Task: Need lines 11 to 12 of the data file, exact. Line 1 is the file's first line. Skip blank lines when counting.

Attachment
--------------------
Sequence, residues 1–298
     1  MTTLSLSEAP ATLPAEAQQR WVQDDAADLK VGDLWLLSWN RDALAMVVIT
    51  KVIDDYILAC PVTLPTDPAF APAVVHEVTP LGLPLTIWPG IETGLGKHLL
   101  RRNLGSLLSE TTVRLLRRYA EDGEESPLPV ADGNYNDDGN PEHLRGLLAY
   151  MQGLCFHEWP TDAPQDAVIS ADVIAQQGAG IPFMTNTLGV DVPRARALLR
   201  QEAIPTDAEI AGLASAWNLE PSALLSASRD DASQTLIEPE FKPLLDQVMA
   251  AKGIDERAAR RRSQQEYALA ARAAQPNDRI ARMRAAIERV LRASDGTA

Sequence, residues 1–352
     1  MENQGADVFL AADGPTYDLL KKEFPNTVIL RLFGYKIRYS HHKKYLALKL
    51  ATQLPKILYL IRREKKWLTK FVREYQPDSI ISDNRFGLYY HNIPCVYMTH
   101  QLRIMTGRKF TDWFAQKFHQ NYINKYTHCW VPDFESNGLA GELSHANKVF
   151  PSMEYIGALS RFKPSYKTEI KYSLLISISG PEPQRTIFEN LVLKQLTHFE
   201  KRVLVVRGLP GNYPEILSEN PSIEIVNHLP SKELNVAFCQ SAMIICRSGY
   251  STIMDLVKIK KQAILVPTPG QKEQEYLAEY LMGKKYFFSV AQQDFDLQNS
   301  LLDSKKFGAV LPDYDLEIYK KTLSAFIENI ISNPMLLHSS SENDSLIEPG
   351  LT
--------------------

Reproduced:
   101  QLRIMTGRKF TDWFAQKFHQ NYINKYTHCW VPDFESNGLA GELSHANKVF
   151  PSMEYIGALS RFKPSYKTEI KYSLLISISG PEPQRTIFEN LVLKQLTHFE